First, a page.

Water sometimes beads up on the soil surface, refusing to penetrate and soak into where plant roots need it most. Sandy soil, poorly tilled soil and soil that contains organic matter but has been allowed to dry out completely are most likely to repel water. A soil wetting agent coats the soil particles on the molecular level so the water can infiltrate the garden bed. Although commercial wetting agents are available for both outdoor and indoor use, you can make your own temporary solution to combat a short-term moisture issue.

Things you will need

According to Homestolove, to make your own soil wetting agent, you will need a hose-end spray applicator, liquid dish soap, watering can, and a spoon or stick.

Garden Bed Application

Fill a hose-end applicator with liquid dish soap but avoid dish detergents. Screw the sprayer onto the end of your garden hose. Adjust the application rate dial on the sprayer to five tablespoons per gallon. This will mix five tablespoons of dish soap with every gallon of water in the sprayer nozzle. Water the soil with the soap and water mixture. Apply the mixture directly to the soil and avoid spraying any plants when possible. Thoroughly saturate the soil to feel moist to at least a 4-inch depth. Monitor the soap level in the sprayer bottle and refill it as necessary. Rinse any plants or grasses in or near the soil bed with clear water immediately after application to remove any soap residue from the foliage. Wait two hours before applying any chemical pesticides, fertilizers, or other lawn or plant treatments.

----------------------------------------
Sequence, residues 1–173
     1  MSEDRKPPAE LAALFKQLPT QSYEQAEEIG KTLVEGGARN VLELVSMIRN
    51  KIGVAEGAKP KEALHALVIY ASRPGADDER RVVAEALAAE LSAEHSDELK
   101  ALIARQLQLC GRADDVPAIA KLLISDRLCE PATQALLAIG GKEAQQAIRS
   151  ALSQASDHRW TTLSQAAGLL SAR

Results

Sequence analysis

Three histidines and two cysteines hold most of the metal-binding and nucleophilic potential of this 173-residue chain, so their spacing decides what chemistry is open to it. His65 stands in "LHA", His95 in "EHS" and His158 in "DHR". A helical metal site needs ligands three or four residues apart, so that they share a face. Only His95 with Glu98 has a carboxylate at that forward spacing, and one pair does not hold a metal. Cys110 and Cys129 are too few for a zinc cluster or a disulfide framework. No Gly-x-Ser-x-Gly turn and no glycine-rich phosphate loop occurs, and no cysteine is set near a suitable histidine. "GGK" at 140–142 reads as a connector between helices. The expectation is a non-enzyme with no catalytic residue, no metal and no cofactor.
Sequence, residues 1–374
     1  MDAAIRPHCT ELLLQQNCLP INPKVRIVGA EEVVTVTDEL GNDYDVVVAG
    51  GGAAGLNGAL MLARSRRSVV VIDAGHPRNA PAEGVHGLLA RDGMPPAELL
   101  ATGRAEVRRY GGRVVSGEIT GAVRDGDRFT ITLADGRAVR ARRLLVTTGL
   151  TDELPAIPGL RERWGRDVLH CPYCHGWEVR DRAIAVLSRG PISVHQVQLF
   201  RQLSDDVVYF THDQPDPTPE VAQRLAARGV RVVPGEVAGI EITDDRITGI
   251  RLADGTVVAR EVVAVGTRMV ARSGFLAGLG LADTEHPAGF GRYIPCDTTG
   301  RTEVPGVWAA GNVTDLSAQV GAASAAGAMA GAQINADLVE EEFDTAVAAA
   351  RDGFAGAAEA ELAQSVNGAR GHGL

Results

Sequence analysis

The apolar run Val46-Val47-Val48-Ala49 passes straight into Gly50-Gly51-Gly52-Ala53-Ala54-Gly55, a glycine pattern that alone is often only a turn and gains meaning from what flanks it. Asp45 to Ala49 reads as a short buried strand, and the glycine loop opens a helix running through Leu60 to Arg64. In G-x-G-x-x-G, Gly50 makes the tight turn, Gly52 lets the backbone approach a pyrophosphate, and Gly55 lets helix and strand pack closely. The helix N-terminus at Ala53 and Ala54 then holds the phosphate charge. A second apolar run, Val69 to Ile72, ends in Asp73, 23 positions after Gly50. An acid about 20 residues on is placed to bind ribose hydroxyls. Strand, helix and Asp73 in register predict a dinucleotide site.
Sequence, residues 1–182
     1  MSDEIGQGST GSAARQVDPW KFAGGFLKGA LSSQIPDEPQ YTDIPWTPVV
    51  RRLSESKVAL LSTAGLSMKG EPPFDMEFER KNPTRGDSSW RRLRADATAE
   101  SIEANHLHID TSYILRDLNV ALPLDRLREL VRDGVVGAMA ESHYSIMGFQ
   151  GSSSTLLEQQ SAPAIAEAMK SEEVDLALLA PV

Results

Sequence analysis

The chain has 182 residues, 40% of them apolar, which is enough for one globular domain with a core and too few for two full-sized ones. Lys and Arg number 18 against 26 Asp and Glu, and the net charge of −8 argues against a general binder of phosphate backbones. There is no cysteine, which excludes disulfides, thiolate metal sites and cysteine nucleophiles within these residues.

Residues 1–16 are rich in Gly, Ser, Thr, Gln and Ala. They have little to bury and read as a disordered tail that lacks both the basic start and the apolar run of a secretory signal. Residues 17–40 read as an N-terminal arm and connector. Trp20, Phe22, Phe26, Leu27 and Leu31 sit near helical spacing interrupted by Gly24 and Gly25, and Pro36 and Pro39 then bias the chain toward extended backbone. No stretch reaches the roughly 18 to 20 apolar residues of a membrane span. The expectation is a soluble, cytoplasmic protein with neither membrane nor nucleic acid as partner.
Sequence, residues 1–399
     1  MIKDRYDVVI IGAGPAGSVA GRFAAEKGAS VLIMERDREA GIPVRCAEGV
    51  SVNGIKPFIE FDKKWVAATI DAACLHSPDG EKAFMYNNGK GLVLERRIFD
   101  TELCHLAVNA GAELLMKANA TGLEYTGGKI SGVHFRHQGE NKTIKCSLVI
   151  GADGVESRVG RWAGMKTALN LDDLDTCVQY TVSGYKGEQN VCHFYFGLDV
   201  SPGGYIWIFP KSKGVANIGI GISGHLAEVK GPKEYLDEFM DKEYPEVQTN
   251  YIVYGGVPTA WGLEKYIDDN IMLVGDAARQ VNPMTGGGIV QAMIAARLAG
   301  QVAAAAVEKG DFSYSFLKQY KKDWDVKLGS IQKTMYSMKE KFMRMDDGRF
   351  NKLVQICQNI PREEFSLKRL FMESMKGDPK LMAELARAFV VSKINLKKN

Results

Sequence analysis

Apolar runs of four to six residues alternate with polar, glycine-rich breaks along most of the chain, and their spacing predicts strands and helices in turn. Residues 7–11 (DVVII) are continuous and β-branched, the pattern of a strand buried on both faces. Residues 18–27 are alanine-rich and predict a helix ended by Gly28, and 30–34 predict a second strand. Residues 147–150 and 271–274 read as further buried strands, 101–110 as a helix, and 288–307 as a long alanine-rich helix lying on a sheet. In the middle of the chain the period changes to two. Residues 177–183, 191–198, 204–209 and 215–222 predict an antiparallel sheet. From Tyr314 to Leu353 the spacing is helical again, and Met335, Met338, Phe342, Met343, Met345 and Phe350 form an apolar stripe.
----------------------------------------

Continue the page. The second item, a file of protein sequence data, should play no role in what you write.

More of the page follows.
Moisture Potting Soil

Fill a one-gallon watering can with water. Add one or two drops of liquid dish soap to the can. Mix the soap and water together with a spoon or stick, stirring slowly to avoid suds. Water the soil in the pot with the mixture until the excess water begins to drain from the bottom of the pot. If you are moistening new soil in preparation for potting, stir the soil and water together to ensure the soil is completely saturated with the mixture. Allow the soil to drain for thirty minutes. Empty the collected water from the drip tray beneath the pot.


Soil wetting agents attract water to the soil surface helping the soil to soak in and improve infiltration. Dry soil is difficult to re-wet if it is dry for an extended period. Water collects on the surface of the soil, and it does not penetrate to the roots where it is needed. This results in dry spots that contain wastewater and nutrients. Proper use of wetting agents in your garden or lawn can help you make maximum use of your resources. Good soil wetting agents shorten the amount of time it takes to care for your garden and lawn. Additionally, your garden will be healthier and help you avoid dry patch problems.